Hope that helps!

Cheers,

Thomas

Hi Jeremy, did you find a workable solution for this? Many thanks, Anthony

Welcome @Anthony,

Sorry, I should have back-posted! If you have access to UDN, the related thread with my answer is here: https://udn.unrealengine.com/questions/543111/view.html

Otherwise, without repasting the whole conversation (careful, the YAML formatting might be busted):

- !<ColorSpace>
    name: ACES sRGB ODT
    family: View
    equalitygroup: ""
    bitdepth: 32f
    isdata: false
    allocation: uniform
    allocationvars: [0, 1]
    to_reference: !<GroupTransform>
    children:
        - !<FileTransform> {src: InvRRT.sRGB.Log2_48_nits_Shaper.spi3d, interpolation: tetrahedral}
        - !<FileTransform> {src: Log2_48_nits_Shaper_to_linear.spi1d, interpolation: linear}
        - !<ColorSpaceTransform> {src: Colourspace - ACES 2065-1, dst: Model - Reference}
    from_reference: !<GroupTransform>
    children:
        - !<ColorSpaceTransform> {src: Model - Reference, dst: Colourspace - ACES 2065-1}
        - !<FileTransform> {src: Log2_48_nits_Shaper_to_linear.spi1d, interpolation: linear, direction: inverse}
        - !<FileTransform> {src: Log2_48_nits_Shaper.RRT.sRGB.spi3d, interpolation: tetrahedral}

- !<ColorSpace>
    name: UE4
    family: View
    equalitygroup: ""
    bitdepth: 32f
    isdata: false
    allocation: uniform
    allocationvars: [0, 1]
    to_reference: !<GroupTransform>
    children:
        - !<ColorSpaceTransform> {src: ACES sRGB ODT, dst: Model - Reference}
        - !<CDLTransform> {slope: [1.45, 1.45, 1.45], direction: inverse}
    from_reference: !<GroupTransform>
    children:
        - !<CDLTransform> {slope: [1.45, 1.45, 1.45]}
        - !<ColorSpaceTransform> {src: Model - Reference, dst: ACES sRGB ODT}

The assumption is that the Gamut Expansion and Blue Light Artifact Fix LMTs are disabled in the PostProcessVolume.

Cheers,

Thomas

Good morning Thomas. Thank you very much for posting. Unfortunately there appears to be an issue with the Unreal website (There was an error contacting the remote service). Hopefully it will be up again soon. Thank you again for your help.

Anthony

Hello,

In case anyone’s interested, I have a test in Unreal 4.26 using ACES 1.2 config that kind of matches the UE default tonemapped image, I wrote about it here.

I’m fairly new to ACES, I’m afraid I did some stuff wrong, it’s not perfect, although looks like a pretty close one (The scene is lit with Photometric Lights and Camera values).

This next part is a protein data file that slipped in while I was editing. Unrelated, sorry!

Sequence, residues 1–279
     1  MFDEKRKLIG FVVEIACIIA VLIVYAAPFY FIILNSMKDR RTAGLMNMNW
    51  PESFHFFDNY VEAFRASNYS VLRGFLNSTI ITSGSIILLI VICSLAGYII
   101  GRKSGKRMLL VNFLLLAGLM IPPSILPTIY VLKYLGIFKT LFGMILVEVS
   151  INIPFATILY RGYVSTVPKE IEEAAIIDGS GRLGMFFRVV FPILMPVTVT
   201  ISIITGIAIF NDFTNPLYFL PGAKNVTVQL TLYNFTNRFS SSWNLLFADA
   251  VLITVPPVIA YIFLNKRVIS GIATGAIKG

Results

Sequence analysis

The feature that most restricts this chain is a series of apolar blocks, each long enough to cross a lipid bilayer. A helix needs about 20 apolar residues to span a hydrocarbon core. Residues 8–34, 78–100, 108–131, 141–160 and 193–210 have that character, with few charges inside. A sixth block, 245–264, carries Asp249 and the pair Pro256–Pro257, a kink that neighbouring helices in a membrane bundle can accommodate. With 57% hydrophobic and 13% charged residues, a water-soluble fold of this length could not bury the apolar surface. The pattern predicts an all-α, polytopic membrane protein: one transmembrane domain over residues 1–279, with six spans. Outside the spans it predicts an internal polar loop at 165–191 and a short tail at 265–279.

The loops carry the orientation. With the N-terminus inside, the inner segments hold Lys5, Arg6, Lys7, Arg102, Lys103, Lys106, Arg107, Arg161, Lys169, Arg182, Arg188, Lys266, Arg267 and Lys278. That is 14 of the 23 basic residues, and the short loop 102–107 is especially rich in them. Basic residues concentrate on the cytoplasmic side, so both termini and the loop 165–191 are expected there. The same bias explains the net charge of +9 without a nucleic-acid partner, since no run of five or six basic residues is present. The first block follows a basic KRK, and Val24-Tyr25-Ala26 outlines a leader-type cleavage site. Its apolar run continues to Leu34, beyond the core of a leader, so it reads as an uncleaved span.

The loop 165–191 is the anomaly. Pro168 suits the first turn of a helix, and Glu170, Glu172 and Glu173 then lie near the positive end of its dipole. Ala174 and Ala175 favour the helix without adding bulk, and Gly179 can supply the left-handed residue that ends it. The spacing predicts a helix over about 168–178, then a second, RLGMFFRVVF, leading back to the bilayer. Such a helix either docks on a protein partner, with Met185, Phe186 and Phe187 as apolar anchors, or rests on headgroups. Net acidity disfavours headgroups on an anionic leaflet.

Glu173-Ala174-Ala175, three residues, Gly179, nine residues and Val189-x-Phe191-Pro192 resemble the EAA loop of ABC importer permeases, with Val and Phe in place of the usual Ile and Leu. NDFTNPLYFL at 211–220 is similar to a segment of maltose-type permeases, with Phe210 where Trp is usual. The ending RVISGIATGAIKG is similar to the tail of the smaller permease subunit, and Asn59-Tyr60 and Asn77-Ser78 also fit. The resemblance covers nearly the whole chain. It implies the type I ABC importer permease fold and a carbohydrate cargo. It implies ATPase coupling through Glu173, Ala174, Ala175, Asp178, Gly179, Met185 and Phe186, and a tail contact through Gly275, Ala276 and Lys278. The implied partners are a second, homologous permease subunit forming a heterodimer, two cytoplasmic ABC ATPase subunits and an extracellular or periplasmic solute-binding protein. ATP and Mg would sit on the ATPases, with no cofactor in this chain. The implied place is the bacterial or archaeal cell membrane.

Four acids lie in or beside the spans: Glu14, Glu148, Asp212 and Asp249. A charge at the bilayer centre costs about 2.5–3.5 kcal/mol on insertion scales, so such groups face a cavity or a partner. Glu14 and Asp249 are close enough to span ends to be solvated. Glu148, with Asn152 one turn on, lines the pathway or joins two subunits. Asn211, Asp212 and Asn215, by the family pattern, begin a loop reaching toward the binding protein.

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Oh and a screenshot for spectacle (I tried to fix the vibrant blues on the OCIO viewports as well)

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Hi Peter,

The Blue Light Artifact Fix is already in the ACES OCIO config, so you can get a new colourspace that includes it, to a degree, the problem is that it does not follow the ACES block diagram so can’t be fully reproduced without changing the config significantly. Then you are also missing the Gamut Expansion part that you would need to bake as a 3D LUT. I’m not really sure those two transforms are worth the trouble they cause.

Cheers,

Thomas

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Hello Thomas,
Just started reading all of this today and I think my head is going to explode !

I have a beginners question.
If I use UE 4.26.1 to render out to Nuke which will Render out to a base light, will I be all right if I follow UE’S documentation below ? (oops ,I can include links )
go to → unrealengine docs / OpenColorIO / index.html
I would appreciate of you could point me to some document that has UE as apart of the mix wrt ACES.

Thank you so much.
Behram

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Hi Thomas,

I turned off unreal’s bluecorrect (which was only at 60%? - weird!) and the fake wide gamut expansion from it’s default viewport based on your earlier suggestion in another thread. In the above example (top-right image) I applied the Bluecorrect as a simple color matrix in a post-process shader on the Finalcolor before OCIO happens in AP0 gamut space (AFAIK from the ACES documentation, the Bluecorrect needs to be applied in ACES AP0). Unfortunately if I natively just use the ACES OCIO, the vibrant blues are becoming violet, I guess I missed something.

The reason I wrote it in Unreal is because Unfortunately you cannot Apply LMT’s in Unreal ATM, i was lucky that the Bluelight fix is easy to replicate (I’m afraid that because I’m calculating it on the GPU in Ue, the result is too inaccurate - I should not bake it in the render!).

This is how the Postprocess shader looks like:


(pregain lin-srgb with 1.45 → then go to AP0 → bluecorrect → go to AP1 lin. That’s why I used ACEScg as IDT, if I’m not mistaken AP1 linear is essentialy ACEScg)

I hope I understood everything correctly, I made this shader based on your replies from ACEScentral and UDN.

I would be really interested in creating a custom IDT that basically works like an IDT+LMT in Unreal (where we cannot assign LMT-s), unofortunately i didn’t find any material on how to achieve that!

Cheers,
Peter

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Hi Peter,

Using a blendable before the tonemapper like you are doing is the way to go for a LMT. The problem you would have here though is that the tonemapper expects sRGB encoded colours by default, thus you cannot really output ACEScg here.

sRGB —> ACES2065-1 → LMT —> ACES2065-1 —> sRGB

Cheers,

Thomas